Forgive my ignorance - I'm a lowly orthopaedic surgery resident in need of some basic science advice! I'm currently involved with a project where we need to measure the longitudinal growth of the proximal tibia in immature rabbits.
We're using a novel technique to stimulate the growth plate and we hypothesize that the rate of endochondral growth in the experimental animals will be greater than that of the controls. We're not interested in calculating a rate; we just need to prove that at the end of our experiment (six weeks) the experimental group outgrew the controls.
We have decided to use fluorochromes to aid our measurement. The plan is to administer alizarin complexone at time 0 and then calcein at time 6 weeks.
Here are my questions:
1. Are those choices of fluorochromes appropriate? - we had originally considered oxytetracycline...can anyone comment on one choice over another?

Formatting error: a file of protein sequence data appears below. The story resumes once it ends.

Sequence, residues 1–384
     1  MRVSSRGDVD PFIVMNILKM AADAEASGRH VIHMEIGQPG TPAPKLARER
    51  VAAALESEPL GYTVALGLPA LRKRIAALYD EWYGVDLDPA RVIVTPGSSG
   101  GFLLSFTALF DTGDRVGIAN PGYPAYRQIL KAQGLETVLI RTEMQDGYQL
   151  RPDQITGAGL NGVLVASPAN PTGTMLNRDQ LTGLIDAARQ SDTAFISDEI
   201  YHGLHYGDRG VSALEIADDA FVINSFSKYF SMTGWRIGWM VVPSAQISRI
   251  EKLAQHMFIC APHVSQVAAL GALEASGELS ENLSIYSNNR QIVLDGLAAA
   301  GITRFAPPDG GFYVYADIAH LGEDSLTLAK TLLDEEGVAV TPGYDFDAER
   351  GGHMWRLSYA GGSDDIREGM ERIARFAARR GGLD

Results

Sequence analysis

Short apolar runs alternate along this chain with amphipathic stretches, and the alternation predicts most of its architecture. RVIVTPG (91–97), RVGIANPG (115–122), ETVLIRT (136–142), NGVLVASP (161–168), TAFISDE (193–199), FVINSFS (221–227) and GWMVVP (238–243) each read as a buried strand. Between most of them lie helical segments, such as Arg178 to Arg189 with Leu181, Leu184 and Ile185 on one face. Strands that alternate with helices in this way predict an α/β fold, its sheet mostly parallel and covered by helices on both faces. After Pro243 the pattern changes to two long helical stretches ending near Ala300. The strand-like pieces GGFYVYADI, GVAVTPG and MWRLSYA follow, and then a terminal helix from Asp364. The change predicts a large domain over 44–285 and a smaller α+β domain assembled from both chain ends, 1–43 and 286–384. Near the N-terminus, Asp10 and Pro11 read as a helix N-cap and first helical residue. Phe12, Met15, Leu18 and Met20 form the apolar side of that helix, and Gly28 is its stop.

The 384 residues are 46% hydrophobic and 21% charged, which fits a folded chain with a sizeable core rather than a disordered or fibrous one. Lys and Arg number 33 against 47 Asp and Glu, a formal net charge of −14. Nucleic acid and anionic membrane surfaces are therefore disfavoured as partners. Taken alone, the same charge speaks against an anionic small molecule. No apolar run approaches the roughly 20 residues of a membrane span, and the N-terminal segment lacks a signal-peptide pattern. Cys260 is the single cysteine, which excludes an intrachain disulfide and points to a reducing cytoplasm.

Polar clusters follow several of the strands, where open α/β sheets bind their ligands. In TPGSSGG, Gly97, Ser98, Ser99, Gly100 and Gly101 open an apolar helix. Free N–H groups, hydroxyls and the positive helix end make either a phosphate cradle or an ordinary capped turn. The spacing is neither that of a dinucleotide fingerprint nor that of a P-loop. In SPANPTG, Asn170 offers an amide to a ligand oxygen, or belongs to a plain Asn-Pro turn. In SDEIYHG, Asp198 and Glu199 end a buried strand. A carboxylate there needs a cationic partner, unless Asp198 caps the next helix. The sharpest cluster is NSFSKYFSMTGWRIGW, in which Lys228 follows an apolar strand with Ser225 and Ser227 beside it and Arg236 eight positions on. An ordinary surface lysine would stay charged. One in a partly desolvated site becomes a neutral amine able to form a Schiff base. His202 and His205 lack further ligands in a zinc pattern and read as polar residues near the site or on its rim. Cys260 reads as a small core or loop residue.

2. My most important question - after six weeks can I expect to see two distinct bands on longitudinal sectioning or will the band corresponding to time 0 already have undergone resorption?
3. I have no personal experience preparing the fluorochromes for injection...can anyone comment on what it takes to get it from the box it was packaged in to a form appropriate for injecting into an animal? I've read a few protocols that make it seem like it's difficult to handle - buffering it, storing/preparing it under cold conditions, filtering it, etc.